What was different about the night of June 27? Police had raided lesbian and gay bars and clubs in major cities for decades without provoking a civil rights movement. This time, however, the community not only stood up, it followed up. A young, emerging, activist generation determined that what happened at Stonewall would be remembered, making it a defining moment that changed forever the struggle of LGBTs.

    With limited public awareness their task was not easy. The local newspapers reported about the raid and the riots that followed, but briefly and mostly without sympathy. The New York Times ran two brief stories about them.The New York Post headlined its five-paragraph account, “Village Raid Stirs Melee.” The Daily News titled its article, “Homo Nest Raided, Queen Bees Are Stinging Mad.” Elsewhere, mainstream newspapers like the San Francisco Chronicle and the Los Angeles Times never mentioned them.

    The LGBT press was almost as limited. The New York Mattachine Society included a special supplement about Stonewall in its July newsletter titled, “The Hairpin Drop Heard Around the World,” later reprinted by the barely two year old Advocate in Los Angeles. Vector, published in San Francisco by the Society of Individual Rights, and the Ladder, the bi-monthly publication of the Daughters of Bilitis, ran short articles about the events in their October issues.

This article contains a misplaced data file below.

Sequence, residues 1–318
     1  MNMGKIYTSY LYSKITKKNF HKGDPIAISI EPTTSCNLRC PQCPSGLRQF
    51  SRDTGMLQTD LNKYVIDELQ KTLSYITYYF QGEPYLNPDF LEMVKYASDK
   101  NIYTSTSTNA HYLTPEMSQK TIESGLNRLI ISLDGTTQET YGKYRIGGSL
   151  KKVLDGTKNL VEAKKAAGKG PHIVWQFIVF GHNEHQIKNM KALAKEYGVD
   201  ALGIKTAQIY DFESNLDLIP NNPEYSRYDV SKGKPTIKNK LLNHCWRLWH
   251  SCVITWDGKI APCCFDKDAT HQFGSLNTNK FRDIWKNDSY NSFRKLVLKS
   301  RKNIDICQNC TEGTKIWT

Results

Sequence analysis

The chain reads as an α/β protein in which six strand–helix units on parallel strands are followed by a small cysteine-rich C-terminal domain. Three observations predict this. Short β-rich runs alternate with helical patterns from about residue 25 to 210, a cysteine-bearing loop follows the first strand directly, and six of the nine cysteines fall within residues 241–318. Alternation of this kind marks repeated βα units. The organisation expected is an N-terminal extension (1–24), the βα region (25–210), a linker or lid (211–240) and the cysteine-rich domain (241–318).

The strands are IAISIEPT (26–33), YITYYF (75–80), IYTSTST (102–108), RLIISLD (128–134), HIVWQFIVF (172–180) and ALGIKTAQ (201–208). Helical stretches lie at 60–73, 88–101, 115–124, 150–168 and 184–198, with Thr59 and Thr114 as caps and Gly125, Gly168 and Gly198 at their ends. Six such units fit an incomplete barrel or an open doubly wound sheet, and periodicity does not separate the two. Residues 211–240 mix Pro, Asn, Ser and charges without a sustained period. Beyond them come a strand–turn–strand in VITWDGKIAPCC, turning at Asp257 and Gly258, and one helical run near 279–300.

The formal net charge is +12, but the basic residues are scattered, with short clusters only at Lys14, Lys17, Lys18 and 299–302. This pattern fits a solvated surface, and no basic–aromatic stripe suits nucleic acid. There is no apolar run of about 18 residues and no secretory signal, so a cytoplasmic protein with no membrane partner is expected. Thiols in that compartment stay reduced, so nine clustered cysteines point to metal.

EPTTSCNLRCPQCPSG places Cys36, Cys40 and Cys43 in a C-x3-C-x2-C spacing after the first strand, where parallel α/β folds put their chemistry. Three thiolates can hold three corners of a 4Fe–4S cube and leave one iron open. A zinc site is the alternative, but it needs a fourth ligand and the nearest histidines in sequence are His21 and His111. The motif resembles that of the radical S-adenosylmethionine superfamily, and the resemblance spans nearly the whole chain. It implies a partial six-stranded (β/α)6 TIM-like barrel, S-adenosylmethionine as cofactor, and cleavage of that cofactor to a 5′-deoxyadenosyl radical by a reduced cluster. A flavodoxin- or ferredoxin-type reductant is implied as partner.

Activist Mobilizing

    No matter. Members of the LGBT community spread the word using telephone trees and leaflets. By the end of July, New York lesbians and gays created the Gay Liberation Front, then the Gay Activists Alliance to press for their civil and human rights; within a few years they would have hundreds of chapters all over the country. Others organizations followed, including chapters of the Gay Student Union at numerous colleges and universities.

    These new groups were different than the earlier ones. Unlike the Homophile organizations created in the years after World War, their members were not interested in being assimilated into or even being accepted by mainstream heterosexual society. Not concerned with conversation or compromise, they used publicity, awareness, activism, protest and confrontation to effect change. Stonewall came near the end of a tumultuous decade of political and social change in the U.S., so the new LGBT rights movement had plenty of examples of strategies that worked, especially militant protests to secure civil and human rights for LGBTs—the right to be themselves.